- Name one of the three types of heat transfer methods. (Answer: Conduction, convection, radiation.)
- Heat moves from the Sun to the Earth through conduction. (Answer: False, conduction only occurs when there is matter in which to travel.)
- Heat cannot move. (Answer: False, it moves all the time.)
- A liquid or gas that is moving because of heat is called convection. (Answer: True)
- Why do engineers need to understand the methods of heat transfer? (Possible answers: Engineers must understand heat transfer so they can design products and devices that work well and are safe. Think of things in your house or school that get hot or get cold, or keep something from getting hot or cold. For example, stoves, ovens, refrigerators, heaters, air conditioners, cookware, cooking utensils, curling irons, fans, light bulbs, music players, engines, insulation, pools, water heaters, sunscreen, airplanes, satellites, spacecraft, etc.)
- For younger students, create the bar graph as a class activity on the classroom board.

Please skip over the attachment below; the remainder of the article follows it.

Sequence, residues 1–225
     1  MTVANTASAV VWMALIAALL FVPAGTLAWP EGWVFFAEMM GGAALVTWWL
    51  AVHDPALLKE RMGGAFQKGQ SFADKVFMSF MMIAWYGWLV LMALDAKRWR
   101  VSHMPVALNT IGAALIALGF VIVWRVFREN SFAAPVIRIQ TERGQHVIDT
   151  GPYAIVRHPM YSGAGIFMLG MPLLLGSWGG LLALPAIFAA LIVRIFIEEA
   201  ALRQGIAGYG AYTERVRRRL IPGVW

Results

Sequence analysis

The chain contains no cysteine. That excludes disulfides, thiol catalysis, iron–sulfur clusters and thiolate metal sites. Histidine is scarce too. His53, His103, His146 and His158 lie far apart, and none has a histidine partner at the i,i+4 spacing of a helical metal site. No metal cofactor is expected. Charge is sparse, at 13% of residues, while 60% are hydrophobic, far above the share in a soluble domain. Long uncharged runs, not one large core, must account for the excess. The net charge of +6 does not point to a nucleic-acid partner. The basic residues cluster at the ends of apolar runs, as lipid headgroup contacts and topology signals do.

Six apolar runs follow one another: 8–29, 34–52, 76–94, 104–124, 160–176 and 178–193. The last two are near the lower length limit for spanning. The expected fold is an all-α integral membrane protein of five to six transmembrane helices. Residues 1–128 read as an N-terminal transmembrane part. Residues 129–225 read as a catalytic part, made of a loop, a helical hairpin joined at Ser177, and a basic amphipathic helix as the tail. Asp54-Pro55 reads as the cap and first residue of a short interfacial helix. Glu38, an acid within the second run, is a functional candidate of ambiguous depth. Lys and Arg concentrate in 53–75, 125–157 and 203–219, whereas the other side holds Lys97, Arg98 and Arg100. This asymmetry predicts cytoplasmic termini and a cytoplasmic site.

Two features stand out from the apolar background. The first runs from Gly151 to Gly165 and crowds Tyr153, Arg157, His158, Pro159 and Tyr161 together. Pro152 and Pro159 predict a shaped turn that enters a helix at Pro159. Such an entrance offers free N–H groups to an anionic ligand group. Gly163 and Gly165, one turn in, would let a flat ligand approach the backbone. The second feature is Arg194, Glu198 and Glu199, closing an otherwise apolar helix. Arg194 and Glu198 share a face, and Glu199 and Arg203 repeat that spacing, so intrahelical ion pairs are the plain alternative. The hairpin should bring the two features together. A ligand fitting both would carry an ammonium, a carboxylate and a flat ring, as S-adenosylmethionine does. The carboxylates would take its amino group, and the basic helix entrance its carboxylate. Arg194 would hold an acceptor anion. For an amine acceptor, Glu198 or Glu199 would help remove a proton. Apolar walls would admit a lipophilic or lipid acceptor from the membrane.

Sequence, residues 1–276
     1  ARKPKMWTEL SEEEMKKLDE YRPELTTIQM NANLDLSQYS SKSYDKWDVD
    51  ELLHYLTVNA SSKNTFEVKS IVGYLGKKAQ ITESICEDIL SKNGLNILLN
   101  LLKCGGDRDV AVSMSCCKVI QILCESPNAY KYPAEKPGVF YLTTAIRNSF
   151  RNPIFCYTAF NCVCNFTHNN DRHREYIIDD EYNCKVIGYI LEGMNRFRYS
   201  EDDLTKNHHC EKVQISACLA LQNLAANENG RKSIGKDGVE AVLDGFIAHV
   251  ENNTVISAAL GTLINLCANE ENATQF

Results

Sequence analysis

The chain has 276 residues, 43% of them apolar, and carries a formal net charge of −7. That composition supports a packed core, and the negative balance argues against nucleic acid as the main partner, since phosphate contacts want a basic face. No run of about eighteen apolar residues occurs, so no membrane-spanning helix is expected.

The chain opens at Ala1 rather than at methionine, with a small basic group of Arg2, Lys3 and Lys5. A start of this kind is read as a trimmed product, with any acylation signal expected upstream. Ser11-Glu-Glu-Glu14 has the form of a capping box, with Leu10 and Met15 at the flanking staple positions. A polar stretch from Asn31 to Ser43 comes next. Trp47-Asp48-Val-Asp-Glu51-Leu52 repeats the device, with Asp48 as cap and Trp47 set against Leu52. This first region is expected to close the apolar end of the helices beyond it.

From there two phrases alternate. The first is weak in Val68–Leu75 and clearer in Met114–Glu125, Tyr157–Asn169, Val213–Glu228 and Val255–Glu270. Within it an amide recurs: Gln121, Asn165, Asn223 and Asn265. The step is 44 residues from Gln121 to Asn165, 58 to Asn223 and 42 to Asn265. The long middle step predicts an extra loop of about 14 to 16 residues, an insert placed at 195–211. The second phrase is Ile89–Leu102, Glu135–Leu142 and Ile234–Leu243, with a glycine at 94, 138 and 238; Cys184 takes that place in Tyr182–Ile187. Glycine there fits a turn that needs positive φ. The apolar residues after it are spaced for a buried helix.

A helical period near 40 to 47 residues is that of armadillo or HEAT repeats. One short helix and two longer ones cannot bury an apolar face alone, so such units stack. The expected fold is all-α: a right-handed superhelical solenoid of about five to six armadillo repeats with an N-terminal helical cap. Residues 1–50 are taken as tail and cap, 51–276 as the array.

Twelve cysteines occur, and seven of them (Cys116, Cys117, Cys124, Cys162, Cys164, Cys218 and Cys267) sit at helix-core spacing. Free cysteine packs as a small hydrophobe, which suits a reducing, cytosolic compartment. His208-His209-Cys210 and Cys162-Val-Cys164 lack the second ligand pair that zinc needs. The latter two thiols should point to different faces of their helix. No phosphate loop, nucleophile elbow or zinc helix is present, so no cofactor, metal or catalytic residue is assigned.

- For older students, have them convert their data to a different temperature scale, or use two thermometers to record data from both scales.
Kagen, Spencer. Cooperative Learning. San Juan Capistrano, CA: Kagan Cooperative Learning, 1994. (Source for Numbered Heads assessment)
Wilson, Jim (editor). NASA. Last updated January 12, 2007. National Aeronautics and Space Administration. Accessed January 15, 2007. http://www.nasa.gov/
Jessica Todd, Geoffrey Hill, Jessica Butterfield, Denise W. Carlson
© 2006 by Regents of the University of Colorado.
Integrated Teaching and Learning Program, College of Engineering, University of Colorado Boulder
Last modified: November 26, 2015